How Angry Dynomites Lab is building the first web3 meta economy game

In the latest episode of his Blockchain Gaming World podcast, editor-in-chief Jon Jordan talks to Oli Löffler, the CEO of German developer Voya Games about IP Angry Dynomites Lab and its first game, collaborative idle resource title Craft World, which has plans to become a launchpad for NFTs and integrate existing gaming tokens, among other features.

This interview has been edited for length and clarity.

You can also listen to the podcast via the Fountain app and earn Bitcoin. How was 2023 for you?

Oli Loffler: It was a very interesting year, pretty different from the year before. In 2022 the market was already going down. There was the Luna crash and the FTX crash and so on. Still we managed to sell our NFTs and build up the community. 

Then in 2023, everything was going down even more. People left the space. People were holding onto the things they already have and they weren’t willing to further explore new projects. But we had a good community and we are happy that we still have and they are very active. At the same time we were starting to do some experiments with game mechanics. We went into build mode, so we got less active in the community-building side of things because it was getting harder and harder.

We established a team. We are nine people now at Voya Games. We did the rebranding of the Angry Dynomites Lab to Voya Games as a company. The project is still called Angry Dynomites Lab, but in November 2023 we wanted to also establish a company brand because a lot of things changed.

After doing some experiments with blockchain tech and wallets we identified ways on how we can now really bring this into games. That’s basically how from November onwards we built a whole new game and soft-launched it in December. We call this new game Craft World. We have mobile iOS and Android clients, and a web client available. We are set up for a very good 2024.

Did you think about leaving the space in 2023?

I know a few people who did that. They started out with blockchain and they pivoted into something else, some AI, some more regular games. For me, it was always about what opportunities the technology can bring, and not so much about the market and the hype. This got stronger over time because the tech was continuing and getting better. Therefore we never pivoted. We really believed in our vision and ideas around web3.

Let’s focus on Angry Dynomites Lab. How would you describe it?

Angry Dynomites Lab is the IP itself. We launched the NFTs and built a community around it. Then in December 2023, we launched the first real game, which is Craft World on the Angry Dynomites Lab IP.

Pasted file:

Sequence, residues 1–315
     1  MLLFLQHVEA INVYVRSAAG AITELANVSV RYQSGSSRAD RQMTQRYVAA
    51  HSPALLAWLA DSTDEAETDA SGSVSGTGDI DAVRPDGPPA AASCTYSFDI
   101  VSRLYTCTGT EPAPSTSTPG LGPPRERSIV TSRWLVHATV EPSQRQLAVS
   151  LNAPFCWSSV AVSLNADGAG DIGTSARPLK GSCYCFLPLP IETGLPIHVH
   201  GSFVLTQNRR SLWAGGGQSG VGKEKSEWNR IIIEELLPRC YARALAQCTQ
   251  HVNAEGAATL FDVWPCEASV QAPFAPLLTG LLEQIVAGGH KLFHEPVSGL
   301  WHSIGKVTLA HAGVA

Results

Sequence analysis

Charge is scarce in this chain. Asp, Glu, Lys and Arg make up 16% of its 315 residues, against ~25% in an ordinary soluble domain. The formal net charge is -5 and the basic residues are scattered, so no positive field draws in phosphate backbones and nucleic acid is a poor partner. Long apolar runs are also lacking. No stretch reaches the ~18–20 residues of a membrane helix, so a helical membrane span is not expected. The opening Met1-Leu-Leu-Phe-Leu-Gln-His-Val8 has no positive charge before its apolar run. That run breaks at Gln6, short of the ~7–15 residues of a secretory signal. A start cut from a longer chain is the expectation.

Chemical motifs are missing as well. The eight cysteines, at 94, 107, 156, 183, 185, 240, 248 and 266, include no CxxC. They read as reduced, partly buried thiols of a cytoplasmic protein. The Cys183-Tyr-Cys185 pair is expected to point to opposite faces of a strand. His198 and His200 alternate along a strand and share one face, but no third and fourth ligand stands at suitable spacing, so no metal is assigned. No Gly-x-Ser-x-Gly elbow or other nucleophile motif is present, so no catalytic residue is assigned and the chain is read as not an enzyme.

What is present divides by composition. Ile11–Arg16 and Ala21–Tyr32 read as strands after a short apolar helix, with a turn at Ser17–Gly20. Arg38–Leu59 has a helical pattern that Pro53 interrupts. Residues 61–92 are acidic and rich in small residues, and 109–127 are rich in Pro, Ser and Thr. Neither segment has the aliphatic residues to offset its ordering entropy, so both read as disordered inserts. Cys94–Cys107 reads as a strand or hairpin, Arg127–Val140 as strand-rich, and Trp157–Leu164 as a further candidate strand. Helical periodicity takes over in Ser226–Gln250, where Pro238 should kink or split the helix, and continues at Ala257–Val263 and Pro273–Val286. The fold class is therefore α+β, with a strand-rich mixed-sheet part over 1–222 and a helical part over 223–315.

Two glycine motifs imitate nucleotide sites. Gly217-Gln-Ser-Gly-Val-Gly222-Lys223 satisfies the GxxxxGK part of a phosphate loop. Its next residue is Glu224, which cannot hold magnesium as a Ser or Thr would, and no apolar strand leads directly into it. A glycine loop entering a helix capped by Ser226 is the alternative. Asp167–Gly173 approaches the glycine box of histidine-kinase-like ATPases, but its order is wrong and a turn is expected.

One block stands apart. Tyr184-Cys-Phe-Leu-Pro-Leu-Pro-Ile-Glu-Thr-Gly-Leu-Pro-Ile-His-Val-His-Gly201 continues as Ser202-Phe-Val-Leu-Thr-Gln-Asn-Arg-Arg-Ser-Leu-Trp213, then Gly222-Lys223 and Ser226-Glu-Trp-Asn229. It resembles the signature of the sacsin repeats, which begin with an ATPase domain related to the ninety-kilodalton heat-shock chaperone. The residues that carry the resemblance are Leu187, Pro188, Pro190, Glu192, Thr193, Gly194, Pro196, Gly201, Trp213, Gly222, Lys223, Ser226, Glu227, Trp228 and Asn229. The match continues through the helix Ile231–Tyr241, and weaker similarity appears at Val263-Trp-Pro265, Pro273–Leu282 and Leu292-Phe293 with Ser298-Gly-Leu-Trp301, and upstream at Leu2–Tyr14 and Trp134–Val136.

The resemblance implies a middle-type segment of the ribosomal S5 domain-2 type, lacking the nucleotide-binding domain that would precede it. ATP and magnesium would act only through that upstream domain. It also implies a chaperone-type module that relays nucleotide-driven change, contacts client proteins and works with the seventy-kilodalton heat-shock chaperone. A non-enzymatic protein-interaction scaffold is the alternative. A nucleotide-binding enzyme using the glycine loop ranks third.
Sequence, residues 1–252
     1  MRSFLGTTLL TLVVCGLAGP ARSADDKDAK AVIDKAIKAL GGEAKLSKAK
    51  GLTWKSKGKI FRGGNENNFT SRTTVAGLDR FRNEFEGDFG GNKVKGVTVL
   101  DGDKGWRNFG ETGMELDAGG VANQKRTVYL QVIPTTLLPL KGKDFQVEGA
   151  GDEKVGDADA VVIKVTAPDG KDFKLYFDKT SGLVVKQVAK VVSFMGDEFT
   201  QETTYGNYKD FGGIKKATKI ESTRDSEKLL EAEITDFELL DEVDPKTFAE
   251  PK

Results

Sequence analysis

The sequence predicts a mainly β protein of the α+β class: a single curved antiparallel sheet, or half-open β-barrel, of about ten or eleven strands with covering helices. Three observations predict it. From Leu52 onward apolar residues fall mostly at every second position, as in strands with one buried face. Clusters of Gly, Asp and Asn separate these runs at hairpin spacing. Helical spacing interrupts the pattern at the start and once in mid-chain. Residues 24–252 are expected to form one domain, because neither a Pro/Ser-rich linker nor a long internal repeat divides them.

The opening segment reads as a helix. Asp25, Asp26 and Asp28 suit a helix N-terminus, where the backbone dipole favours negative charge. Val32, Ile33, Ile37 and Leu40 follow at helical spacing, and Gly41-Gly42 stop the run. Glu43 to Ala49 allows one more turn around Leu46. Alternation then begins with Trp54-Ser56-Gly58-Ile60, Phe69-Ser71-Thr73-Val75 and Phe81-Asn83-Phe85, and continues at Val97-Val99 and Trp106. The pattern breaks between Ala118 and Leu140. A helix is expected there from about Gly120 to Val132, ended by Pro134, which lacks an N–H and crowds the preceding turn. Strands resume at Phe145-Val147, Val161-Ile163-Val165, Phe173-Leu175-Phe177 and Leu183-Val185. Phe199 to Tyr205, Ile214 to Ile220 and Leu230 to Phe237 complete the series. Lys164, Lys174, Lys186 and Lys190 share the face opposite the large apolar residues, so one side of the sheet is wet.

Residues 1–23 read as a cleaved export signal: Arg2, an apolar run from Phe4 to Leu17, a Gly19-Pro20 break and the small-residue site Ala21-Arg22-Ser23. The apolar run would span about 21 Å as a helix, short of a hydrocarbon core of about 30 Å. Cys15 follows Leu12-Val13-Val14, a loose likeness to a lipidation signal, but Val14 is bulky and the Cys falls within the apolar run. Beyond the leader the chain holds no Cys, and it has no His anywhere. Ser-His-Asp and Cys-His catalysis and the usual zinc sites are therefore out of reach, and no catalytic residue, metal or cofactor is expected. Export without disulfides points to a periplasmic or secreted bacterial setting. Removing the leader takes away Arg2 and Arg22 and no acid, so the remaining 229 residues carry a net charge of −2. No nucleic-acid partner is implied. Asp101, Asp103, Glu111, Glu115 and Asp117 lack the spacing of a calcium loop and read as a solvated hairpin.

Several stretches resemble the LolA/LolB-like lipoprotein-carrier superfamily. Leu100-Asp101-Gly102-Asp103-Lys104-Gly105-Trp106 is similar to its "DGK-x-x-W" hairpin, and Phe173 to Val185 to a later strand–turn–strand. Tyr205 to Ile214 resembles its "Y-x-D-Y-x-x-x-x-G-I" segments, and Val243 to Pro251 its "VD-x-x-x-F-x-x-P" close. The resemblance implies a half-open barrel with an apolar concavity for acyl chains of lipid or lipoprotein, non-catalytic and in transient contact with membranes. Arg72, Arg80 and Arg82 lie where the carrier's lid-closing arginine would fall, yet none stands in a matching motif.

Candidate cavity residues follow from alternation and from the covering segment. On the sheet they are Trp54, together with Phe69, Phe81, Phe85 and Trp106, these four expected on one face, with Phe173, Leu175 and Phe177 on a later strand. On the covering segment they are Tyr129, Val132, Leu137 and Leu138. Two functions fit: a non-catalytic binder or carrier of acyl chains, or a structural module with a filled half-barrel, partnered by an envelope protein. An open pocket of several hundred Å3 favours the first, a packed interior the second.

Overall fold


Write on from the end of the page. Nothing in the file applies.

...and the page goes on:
So just as a recap, when you own one of our NFTs, they’re producing resources, and you can use these resources in a game to craft other resources and build objects and buildings. That’s what we soft-launched in December. Now we’re exploring how to continue developing it, so that we can do a global launch in the summer. 

The game itself is all about collecting raw resources, crafting new resources, and then specialize in resources. For example, one player can specialize in resource A, another player in resource B, and then build out objects which require many resources so that all players need to work together. 

One of our bigger goals is to integrate more real-world economic principles into the game. Now it’s possible to create this digital economy for games and that’s what we find super interesting and want to make available as a platform for other games as well in the future.

The interesting bit for me is how players collaborate.

Yeah. We want to create this multiplayer experience where you have dependencies with other players. They have dependencies on you so that everyone works together for a greater good in order to produce these masterpieces, as we call them all together. And that’s what we see in the real world. You have a lot of companies creating goods and resources and specializing in them, but they have dependencies on all the other resources that they need. Then they’re selling it to someone else for profit. So we’re seeing all of these parallels from the real world that we want to integrate more and more into the game and make it fun.

And all these resources are onchain?

We are still on the testnet but we built an in-game interface where you can trade these resources in Uniswap pools. We even made it possible so that you don’t need a wallet. You can do it with your wallet as well, but we will also do something like delegated trading as we call it. We execute trades for you and also pay the fees.